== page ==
When primary care physicians refer children to specialty physicians, it is important that the physicians communicate effectively with each other in order to provide patients with optimal care. Though pediatricians have identified lack of communication at the time of referral as a problem, no literature describes communication patterns in the care of children. This study seeks to determine rates of communication between primary care physicians and specialists, to identify which practice system and patient characteristics might be associated with increased communication and to assess the impact of communication on patient care.
The authors enrolled 179 patients from 62 general pediatricians in 30 practices. These patients were seen by 15 medical specialists in five specialties. Primary care physicians and specialists completed questionnaires at the beginning of the study and then six months later.
- Primary care physicians communicated with specialists at the point of initial referral 50 percent of the time.
- Specialists communicated with primary care physicians after initial consultation 84 percent of the time.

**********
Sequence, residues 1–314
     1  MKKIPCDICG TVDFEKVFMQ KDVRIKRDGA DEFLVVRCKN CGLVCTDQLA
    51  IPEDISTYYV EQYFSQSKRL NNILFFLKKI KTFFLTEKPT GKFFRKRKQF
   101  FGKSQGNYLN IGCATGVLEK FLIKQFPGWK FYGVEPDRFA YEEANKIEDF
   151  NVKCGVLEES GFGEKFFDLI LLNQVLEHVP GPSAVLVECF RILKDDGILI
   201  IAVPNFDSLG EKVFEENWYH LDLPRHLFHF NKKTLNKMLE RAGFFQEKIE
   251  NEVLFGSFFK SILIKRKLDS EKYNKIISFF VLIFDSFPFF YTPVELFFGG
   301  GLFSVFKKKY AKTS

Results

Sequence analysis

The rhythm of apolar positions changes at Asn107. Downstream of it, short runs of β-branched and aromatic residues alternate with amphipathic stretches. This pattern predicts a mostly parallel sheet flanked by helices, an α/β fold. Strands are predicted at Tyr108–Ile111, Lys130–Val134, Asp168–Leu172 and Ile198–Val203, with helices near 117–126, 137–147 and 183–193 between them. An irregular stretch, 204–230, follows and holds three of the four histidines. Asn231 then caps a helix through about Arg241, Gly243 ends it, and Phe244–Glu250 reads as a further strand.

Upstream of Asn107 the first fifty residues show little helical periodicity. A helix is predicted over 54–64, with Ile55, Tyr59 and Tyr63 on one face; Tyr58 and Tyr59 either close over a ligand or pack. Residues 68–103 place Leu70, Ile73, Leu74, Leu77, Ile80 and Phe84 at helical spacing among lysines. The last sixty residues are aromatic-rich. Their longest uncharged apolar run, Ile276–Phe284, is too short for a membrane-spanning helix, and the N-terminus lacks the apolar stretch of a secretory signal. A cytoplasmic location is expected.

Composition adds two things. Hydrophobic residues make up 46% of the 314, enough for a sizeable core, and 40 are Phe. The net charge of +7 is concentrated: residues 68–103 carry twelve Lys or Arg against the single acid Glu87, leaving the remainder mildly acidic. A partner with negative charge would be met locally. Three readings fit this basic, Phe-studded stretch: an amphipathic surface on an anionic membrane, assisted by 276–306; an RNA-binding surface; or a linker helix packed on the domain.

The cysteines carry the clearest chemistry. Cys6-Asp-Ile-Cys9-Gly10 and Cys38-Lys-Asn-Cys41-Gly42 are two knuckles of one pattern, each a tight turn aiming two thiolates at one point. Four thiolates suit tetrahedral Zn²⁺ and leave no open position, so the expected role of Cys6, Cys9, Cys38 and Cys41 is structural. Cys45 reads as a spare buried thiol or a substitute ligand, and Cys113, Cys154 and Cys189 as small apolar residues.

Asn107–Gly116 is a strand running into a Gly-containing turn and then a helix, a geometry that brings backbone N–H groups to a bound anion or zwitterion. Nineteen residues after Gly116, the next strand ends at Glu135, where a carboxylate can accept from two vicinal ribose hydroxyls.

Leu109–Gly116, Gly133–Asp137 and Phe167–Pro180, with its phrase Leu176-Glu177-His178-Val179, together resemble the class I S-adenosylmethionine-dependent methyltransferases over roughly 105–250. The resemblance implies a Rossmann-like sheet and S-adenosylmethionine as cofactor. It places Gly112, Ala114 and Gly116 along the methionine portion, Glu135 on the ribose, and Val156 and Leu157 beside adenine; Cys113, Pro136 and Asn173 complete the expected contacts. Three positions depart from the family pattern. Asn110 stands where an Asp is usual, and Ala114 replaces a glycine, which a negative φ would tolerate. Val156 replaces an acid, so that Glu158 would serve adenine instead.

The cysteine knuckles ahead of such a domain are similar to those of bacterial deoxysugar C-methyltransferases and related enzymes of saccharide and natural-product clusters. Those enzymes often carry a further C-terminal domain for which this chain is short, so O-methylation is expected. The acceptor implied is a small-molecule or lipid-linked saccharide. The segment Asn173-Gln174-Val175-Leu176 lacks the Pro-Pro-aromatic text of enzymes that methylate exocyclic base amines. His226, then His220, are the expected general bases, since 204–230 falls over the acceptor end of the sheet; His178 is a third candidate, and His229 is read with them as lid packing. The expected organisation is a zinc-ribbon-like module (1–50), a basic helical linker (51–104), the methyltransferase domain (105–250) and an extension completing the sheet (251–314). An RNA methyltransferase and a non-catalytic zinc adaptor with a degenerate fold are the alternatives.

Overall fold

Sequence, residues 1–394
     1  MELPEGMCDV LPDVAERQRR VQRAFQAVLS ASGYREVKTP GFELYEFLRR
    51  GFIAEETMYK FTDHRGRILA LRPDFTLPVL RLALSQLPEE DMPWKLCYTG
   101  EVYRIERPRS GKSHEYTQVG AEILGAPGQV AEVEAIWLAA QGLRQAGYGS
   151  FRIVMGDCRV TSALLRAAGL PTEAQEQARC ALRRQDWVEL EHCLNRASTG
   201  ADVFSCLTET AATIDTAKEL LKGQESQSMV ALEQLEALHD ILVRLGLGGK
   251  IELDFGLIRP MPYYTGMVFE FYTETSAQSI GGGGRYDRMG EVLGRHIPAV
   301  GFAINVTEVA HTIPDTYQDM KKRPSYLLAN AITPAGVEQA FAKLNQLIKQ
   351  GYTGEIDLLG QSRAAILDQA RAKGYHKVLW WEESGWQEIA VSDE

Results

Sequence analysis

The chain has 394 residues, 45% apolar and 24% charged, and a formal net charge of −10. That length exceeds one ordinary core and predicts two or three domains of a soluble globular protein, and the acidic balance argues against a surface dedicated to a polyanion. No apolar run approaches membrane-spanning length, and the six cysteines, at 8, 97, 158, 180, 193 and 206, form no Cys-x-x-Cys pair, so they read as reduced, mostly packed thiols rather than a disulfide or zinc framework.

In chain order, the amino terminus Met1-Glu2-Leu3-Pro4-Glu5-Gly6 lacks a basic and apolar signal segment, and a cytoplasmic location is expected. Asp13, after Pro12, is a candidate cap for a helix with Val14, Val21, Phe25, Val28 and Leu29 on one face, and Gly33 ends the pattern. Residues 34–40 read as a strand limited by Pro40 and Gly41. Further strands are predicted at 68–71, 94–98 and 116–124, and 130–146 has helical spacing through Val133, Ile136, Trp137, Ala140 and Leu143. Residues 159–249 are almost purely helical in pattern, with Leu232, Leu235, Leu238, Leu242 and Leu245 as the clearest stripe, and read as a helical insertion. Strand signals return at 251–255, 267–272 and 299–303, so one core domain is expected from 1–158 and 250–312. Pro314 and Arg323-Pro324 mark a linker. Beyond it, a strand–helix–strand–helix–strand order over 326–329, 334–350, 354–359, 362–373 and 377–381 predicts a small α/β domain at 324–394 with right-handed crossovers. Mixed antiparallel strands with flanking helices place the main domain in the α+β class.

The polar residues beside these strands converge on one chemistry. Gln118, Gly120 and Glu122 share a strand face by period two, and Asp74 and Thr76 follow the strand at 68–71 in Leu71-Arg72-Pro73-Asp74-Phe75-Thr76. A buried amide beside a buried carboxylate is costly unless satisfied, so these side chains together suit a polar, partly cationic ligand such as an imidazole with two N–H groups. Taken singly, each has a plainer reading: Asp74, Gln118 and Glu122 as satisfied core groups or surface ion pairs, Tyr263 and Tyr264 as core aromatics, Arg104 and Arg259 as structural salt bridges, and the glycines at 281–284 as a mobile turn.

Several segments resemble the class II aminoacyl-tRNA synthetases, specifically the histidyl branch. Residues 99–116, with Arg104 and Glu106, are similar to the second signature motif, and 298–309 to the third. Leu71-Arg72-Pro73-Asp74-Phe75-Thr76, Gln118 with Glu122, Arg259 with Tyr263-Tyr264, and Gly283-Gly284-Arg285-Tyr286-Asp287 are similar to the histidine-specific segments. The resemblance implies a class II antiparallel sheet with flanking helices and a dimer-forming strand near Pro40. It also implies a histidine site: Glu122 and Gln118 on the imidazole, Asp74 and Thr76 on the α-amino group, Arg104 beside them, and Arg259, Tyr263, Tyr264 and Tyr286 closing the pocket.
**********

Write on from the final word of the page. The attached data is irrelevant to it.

- Communication was strongly associated with physicians' reported ability to provide optimal care.
- Communication was more likely when there were system supports to increase the access physicians had to medical information.
- Communication was less common for children who saw multiple specialists and for those with Medicaid insurance.
Limitations include the physicians were from one region and were self-reporting about patient outcomes. The study could not detect a relationship between physician communication and adverse patient outcomes.
The authors conclude that communication from referring primary care physicians to specialists is often absent. Interventions should promote accessible medical information systems and focus on those children who visit multiple specialists and those with Medicaid insurance.